Political will to stop illegal logging in PNG questioned
Questions remain over the Papua New Guinea government's commitment to ending illegal logging despite tough words against a small logging operation alleged to have breached the law.
Questions remain over the Papua New Guinea government's commitment to ending illegal logging despite issuing a stop work order against small illegal logging operations in Oro province.
The prime minister Peter O'Neill announced that the government (for web use: Environment and Conservation Authority) issued stop work orders for two logging companies in Oro for allegedly breaching the Environment Act.
Investigations into the allegations have begun, as Mr O'Neill warned that loggers must comply with PNG's rules.
Johnny Blades has more.
The Governor of Oro province Gary Juffa has commended the government for issuing the stop work orders. But he says much more needs to be done to stop illegal logging by foreigners in PNG which remains rife and has very little benefit for locals. The government is yet to revoke around 74 Special Agricultural Business Leases which, despite being found by a commission of inquiry over two years ago to be largely fraudulent, are still in place. Mr Juffa says illegal logging also comes with proliferation of illegal immigration, gun smuggling and drug manufacturing.
GARY JUFFA: That's why we ought to kick them all out. Logging is not rocket science, anyone can do it. But you have to do it properly. You have to consider the environment. There has to be forest management plans in place. There has to be reforestation plans in place. There has to be consideration of specific species of flora and fauna and how we treat them, etc. None of these are ever considered. But now we've got to start doing that.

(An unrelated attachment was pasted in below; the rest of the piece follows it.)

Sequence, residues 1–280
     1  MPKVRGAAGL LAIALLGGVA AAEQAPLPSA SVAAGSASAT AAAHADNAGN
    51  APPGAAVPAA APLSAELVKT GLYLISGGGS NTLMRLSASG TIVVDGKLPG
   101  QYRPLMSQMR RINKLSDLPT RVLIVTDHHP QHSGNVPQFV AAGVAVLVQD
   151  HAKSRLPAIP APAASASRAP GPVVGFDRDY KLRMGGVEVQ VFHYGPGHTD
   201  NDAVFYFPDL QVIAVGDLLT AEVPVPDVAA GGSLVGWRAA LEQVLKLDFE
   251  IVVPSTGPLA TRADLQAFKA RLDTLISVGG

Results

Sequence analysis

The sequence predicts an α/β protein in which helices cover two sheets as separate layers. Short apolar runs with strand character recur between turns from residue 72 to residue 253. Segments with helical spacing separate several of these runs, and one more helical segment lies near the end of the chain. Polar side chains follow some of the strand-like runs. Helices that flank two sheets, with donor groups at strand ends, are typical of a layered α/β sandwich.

However, government MP, David Arore, whose electorate is Ijitivare in Oro, says the area where the companies operated is very remote but that loggers helped bring development.
DAVID ARORE: They do make connections... roads and some form of money, royalties, that they give to the locals. I guess apart from that, we can shout and scream as much as we want to but as a responsible government, what is the alternative that we have for this particular group of people? The forest people, we must have alternatives for them.
Gary Juffa dismisses this claim, saying his provincial government is offering Oro people access to agriculture projects including cocoa, coffee, rice and cattle. Meanwhile, he says the loggers in Oro have operated illegally for years and that local authorities have already investigated.
GARY JUFFA: Why would they do an investigation? The investigations have been done. We've given them reports galore. All they have to do is cancel the permits or take them to court and kick them out. Get the military, go there and seize all the machines, auction them because they have been taking out money without paying out royalties and other things. Identify the perpetrators involved. I can tell the government exactly where he is. Take that guy out and lock him up. Why can't they do that?
PNG's government recently hosted the APEC forestry ministers summit and spoke out about its efforts towards improved forestry governance and sustainability. Yet the opposition leader Don Polye says the government is dragging its feet on the cancellation of the Special Agricultural Business Leases.
DON POLYE: Most of them were not properly done and some action needs to be taken by government but it has been so delayed and that's a concern. It really does affect the livelihood of the people because that is where Papua New Guinea's future is. In the areas of agriculture and resource development, sustainable development.
Gary Juffa says the loggers ordered to stop work in Oro are just small fry. He suggests the big players behind many of the SABLS are still operating because they wield extensive influence on leading national politicians.
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